There is a strong mutual relationship between places and people living there. The skills and competences of workers are critical resources for regions, while only those places can be considered successful that manage to continually provide economic opportunities and life perspectives for the locals.Hence, our research at REC in connection with this theme explicitly focuses on workers as both mediators of change at the regional level, but also as people who manage the recurring labour market realignments and improve their current labour market status. The former relates to a great extent to drivers and consequences of labour mobility within and between regions as a mediator of diffusing non-standardised (tacit) knowledge, and to what extent this could be beneficial for firms and regions. The latter focus is on how economic shocks influence the labour market and the possibilities for workers to find new employment. These shocks range from firm closures or mass layoffs to more encompassing shocks like the Great Recession in 2008, automation or the covid-pandemic. But shocks can also be positive in the form of successful structural change and therefore we also do research on how new jobs are filled and how labour markets respond to entries of new firms and jobs, creating opportunities for instance in escaping low-wage jobs.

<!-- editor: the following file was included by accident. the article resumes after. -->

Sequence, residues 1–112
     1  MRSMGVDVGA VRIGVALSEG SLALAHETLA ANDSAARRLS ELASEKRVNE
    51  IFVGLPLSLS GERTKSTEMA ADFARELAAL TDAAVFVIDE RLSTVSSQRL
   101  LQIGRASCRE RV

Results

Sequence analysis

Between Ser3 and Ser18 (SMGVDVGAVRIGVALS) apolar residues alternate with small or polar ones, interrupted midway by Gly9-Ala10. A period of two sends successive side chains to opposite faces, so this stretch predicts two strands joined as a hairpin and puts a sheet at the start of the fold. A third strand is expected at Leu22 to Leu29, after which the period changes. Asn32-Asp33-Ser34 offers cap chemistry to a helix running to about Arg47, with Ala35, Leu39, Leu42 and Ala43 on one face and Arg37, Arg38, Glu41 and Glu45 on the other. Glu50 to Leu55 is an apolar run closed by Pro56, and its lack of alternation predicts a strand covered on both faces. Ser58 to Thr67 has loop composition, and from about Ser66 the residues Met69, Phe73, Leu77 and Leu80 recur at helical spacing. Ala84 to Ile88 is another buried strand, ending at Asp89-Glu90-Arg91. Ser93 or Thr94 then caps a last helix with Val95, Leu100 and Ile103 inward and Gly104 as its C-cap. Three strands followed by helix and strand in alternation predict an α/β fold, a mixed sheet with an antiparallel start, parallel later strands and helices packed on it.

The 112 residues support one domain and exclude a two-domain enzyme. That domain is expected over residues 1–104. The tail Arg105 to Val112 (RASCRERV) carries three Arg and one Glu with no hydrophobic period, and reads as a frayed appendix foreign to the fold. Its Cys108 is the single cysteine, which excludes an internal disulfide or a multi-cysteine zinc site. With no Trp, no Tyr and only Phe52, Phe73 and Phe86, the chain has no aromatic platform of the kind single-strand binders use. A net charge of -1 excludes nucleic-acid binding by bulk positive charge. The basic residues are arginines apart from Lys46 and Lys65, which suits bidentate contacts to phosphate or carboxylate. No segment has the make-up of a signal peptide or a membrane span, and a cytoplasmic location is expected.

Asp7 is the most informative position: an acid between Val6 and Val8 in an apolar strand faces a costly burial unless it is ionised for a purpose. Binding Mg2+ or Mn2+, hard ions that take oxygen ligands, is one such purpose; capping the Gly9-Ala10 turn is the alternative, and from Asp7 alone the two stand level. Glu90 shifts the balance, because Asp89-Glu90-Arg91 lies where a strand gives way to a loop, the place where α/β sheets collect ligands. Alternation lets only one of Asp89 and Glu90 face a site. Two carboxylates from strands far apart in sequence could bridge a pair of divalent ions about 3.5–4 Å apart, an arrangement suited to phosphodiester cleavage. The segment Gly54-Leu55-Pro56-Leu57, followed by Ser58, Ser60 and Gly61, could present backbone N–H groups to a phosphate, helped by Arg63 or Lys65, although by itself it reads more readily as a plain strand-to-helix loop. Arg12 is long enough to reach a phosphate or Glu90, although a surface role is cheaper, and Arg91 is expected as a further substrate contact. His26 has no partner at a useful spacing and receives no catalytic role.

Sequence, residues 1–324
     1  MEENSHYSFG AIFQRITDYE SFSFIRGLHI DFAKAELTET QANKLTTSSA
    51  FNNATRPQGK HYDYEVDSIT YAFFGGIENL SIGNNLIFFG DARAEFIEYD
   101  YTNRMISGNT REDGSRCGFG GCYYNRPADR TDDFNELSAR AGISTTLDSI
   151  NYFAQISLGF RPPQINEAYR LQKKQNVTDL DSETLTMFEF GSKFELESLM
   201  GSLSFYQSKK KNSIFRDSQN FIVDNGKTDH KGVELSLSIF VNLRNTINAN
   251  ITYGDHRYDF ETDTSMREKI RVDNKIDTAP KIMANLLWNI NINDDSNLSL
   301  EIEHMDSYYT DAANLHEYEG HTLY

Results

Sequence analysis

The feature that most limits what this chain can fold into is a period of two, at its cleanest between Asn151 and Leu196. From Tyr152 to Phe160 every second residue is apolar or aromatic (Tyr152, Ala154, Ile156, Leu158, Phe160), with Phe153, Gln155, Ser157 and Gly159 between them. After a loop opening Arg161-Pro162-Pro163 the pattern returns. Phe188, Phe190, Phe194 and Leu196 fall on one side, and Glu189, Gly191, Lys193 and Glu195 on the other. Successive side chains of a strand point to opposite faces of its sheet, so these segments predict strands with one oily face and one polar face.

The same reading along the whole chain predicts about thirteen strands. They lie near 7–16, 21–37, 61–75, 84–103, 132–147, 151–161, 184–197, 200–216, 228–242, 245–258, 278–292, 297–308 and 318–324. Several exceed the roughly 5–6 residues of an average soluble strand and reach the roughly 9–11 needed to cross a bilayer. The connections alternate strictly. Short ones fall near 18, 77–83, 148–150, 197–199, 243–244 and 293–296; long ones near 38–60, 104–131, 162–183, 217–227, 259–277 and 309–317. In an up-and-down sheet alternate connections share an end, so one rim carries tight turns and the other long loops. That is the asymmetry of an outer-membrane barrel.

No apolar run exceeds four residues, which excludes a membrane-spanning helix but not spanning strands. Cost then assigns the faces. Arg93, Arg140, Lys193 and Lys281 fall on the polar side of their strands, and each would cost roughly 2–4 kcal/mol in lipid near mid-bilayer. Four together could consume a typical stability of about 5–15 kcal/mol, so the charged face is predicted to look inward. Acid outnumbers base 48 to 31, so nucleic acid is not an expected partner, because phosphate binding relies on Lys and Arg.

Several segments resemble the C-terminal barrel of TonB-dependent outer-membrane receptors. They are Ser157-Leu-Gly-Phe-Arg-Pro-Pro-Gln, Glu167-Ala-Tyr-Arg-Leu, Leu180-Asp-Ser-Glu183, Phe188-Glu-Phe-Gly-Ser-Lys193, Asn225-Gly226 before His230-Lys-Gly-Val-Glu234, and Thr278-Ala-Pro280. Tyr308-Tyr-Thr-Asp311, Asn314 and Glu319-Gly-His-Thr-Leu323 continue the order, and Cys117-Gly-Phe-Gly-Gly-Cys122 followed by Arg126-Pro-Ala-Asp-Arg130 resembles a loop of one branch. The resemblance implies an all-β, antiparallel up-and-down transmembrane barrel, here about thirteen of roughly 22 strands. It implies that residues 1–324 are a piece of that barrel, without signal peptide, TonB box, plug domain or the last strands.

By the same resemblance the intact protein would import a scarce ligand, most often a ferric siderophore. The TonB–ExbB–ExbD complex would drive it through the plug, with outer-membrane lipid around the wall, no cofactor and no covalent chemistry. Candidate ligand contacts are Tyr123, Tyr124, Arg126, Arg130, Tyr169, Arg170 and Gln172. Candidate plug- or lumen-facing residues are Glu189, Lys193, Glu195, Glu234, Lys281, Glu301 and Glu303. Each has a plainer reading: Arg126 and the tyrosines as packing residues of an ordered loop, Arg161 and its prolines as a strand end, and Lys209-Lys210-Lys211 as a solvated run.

Keywords: spatial mobility; gendered labour market trajectories; low-wage jobs; career and wage mobility; automation
The aim of the project is to study labor mobility and skill matching after redundancies with regard to both supply and demand in labor markets. This is done by a) analyzing how the region can provide structures that enable good skills matching while allowing a productive diversification of the regional economy, and b) examining the trajectories of different workers after redundancies on their way to re-employment. An important starting point for the project is that occupations (as a measure of skills) are the main analytical unit instead of industries or technologies.